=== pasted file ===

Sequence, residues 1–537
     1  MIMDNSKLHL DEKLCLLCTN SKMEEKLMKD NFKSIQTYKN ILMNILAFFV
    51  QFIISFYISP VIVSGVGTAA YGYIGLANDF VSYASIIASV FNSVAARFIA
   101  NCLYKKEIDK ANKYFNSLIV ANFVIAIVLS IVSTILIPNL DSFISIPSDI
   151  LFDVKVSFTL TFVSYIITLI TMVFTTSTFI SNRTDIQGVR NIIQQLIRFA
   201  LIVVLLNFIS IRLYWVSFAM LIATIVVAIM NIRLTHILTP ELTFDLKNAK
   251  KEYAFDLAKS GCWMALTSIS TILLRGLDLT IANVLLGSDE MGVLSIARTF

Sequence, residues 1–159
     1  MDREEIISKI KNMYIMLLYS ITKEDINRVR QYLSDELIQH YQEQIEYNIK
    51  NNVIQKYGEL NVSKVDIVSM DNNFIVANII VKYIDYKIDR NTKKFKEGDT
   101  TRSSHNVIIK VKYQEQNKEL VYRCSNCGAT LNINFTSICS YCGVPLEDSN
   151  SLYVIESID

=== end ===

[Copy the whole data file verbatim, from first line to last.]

Sequence, residues 1–537
     1  MIMDNSKLHL DEKLCLLCTN SKMEEKLMKD NFKSIQTYKN ILMNILAFFV
    51  QFIISFYISP VIVSGVGTAA YGYIGLANDF VSYASIIASV FNSVAARFIA
   101  NCLYKKEIDK ANKYFNSLIV ANFVIAIVLS IVSTILIPNL DSFISIPSDI
   151  LFDVKVSFTL TFVSYIITLI TMVFTTSTFI SNRTDIQGVR NIIQQLIRFA
   201  LIVVLLNFIS IRLYWVSFAM LIATIVVAIM NIRLTHILTP ELTFDLKNAK
   251  KEYAFDLAKS GCWMALTSIS TILLRGLDLT IANVLLGSDE MGVLSIARTF

Sequence, residues 1–159
     1  MDREEIISKI KNMYIMLLYS ITKEDINRVR QYLSDELIQH YQEQIEYNIK
    51  NNVIQKYGEL NVSKVDIVSM DNNFIVANII VKYIDYKIDR NTKKFKEGDT
   101  TRSSHNVIIK VKYQEQNKEL VYRCSNCGAT LNINFTSICS YCGVPLEDSN
   151  SLYVIESID